Joni Johnson-Powe [00:17:16] Yeah, well, it was kind of interesting. It was really more personal. Decision of sorts that drove me there, that would be totally unexpected, I thought I was going to be a partner big for that was my that was going to be my mantra is really focused on that. And in a thousand, my dad got sick and he had his own business. He worked for the IRS for 30 years. He retired. He had his own business. So he was sick. He was like, can you help me with my audit? Right. He had some audits. He was sick. So I stepped in, you know, helped on the side while I was working. I was with KPMG at the time, but really helped support his clients. And while I was doing that, I kind of just liked the fact that it is very personal. You know, when I'm working at KPMG, having these big multinational companies, it was more I felt like it's more valuable than what I did. I was kind of a person, a number. So just helping him was really the catalyst for that. And then when he passed away, I was eight months pregnant. And maternity leave is coming up in December. And I had to help his clients get through tax season. They had no one else to go to. So, you know, with the baby on my lap at home on maternity leave, I was doing tax returns, just trying to make sure that I got his clients through that tax season. That was the catalyst. So I will get back to KPMG after maternity leave. And it was right around Enron time, Sarbanes-Oxley. So I don't know if Enron hit right before that or right after that, but that whole thing happened completely changed the ability to provide services. Yeah. Now, as your services audit clients, you look at my client, they were right there to completely change the environment for me at KPMG because now I couldn't do projects for clients that were audit clients. So Project came up. We used to do a lot of work with KPMG Consulting. Actually, that first project I started FBC with KPMG Consulting. I was bit on a project. Couldn't do it. Their audit client. I really and then KPMG consulting is like, well can you do it for us some other way. And I'm like, I really can't. And then I kind of felt like I was on an island at KPMG. I lost my boss. He went somewhere else. You know how it can be. And I think the economy wasn't doing too well at that time. So he got moved out. And I was kind of I didn't have any I didn't have a sponsor. And, you know, in the public account, you have to have a sponsor. I reported to Washington, a great partner now. Good guy. But I never heard or saw him. I was just kind of a lone wolf. And I just decided I was like, hey, I could do it on my own. And I approached KPMG Consulting. I was like, my dad has a company. I put it into an LLC with my lawyer hat while I was doing some of those services with a baby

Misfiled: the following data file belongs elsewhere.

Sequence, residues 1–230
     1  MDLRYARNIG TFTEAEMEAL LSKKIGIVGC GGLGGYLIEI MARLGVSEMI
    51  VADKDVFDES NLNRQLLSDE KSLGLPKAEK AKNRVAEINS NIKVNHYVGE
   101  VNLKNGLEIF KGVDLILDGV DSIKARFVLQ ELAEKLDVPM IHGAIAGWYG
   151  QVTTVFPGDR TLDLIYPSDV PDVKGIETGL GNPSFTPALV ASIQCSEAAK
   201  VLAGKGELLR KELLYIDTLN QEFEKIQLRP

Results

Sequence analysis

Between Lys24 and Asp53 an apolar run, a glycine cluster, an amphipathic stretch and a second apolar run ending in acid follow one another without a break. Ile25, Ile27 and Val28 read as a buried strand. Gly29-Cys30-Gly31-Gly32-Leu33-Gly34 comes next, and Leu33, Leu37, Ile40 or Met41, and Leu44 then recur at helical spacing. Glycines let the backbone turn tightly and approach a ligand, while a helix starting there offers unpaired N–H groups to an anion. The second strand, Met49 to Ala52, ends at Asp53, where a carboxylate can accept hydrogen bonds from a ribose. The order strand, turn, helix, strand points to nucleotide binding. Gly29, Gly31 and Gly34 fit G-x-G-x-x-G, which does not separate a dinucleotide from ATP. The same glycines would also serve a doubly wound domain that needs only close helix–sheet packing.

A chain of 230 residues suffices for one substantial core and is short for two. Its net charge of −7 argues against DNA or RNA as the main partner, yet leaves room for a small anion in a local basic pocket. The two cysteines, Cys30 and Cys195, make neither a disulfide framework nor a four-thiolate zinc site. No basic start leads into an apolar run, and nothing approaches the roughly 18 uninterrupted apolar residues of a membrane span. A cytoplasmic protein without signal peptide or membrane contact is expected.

Meredith Smith [00:20:35] on your lap, delivering

Joni Johnson-Powe [00:20:36] the baby on my lap. And I'm like, I can do that. You know, I was like, I can do this so I could do it on my own. And they were like, OK. And then I went to KPMG and I was like, hey. And they were like, we'd rather have you do it than do it. So we are one hundred percent behind you. Go ahead. Do you know who set up the company or already has the company set up? But come in and go ahead and deliver this project and you'll be delivering it with our partner, KPMG Consulting, because I think they had spun off at that time from KPMG. So that's literally how I got started.

Judy Vorndran [00:21:15] That is so funny because that's the same with me, because I was in state and local and I was part of the outsourcing practice and we got Sarbanes-Oxley and it became this whole audit first. And I have vowed I will never work for a firm that has an audit practice because I never want to be hindered from helping my clients because of independence. And it just shut us down. I mean, it was inhibiting our ability to serve well because of our audit, rather than being the predominant driver of business and the big four. So not going to work somewhere where I'm not as important as they are.

Joni Johnson-Powe [00:21:51] Yeah, yeah. So it was just kind of a perfect storm and I just jumped out and did it. I, I don't know that I would still do that now. I don't know. I don't know. I guess I was just super motivated. But I also knew it's just me. Right. So as a consultant it's just me. I don't have overhead. I don't have anything essential. You know, I just that was really how I started my business with one project.

Judy Vorndran [00:22:16] And then you've done a couple of things, though, because you went back in-house, you actually led the practice at Grant Thornton. So you pivoted to a couple of different things. And I. Gone back on your own and that you've ultimately enjoyed doing DMA just a couple of years ago, so you have been all over in terms of like where I'm going to be to make my living and I'm going to assume that has something to do with your family yourself. Yeah. The dynamics of business where your children are at.

Joni Johnson-Powe [00:22:44] Yeah. So does it really, really does. When I left KPMG, you know, it was really kind of a career decision and I felt like I didn't have a lot of support. Right. So I did that for a few years. Five to be exact. Was it five? Yeah, I did that for five years. And I was super ambitious. I was 30 years old. I was like, I'm going to take over the world. I'm going to have a law firm, CPA firm, but hire these people. But one of the things I did realize right away, and I was also said, I don't have Wednesdays off of this,

Meredith Smith [00:23:24] is really funny. I picked Wednesday, too, because I was like, can't I just work because I was also at KPMG and I was like I was like, I don't at that point I didn't have kids. I was like, well. I would much rather work on the weekends, no one's bothering me and like, I'll run my errands on Wednesdays, but they will be my Saturday because it's midweek. No one takes Wednesdays off. Right? I picked Wednesday, too. And then my you know, someone I worked with was like, you realize we're in my client service. And that doesn't work that way because your clients work on Wednesday. And so you need to be available every Wednesday for your clients. I was like, well,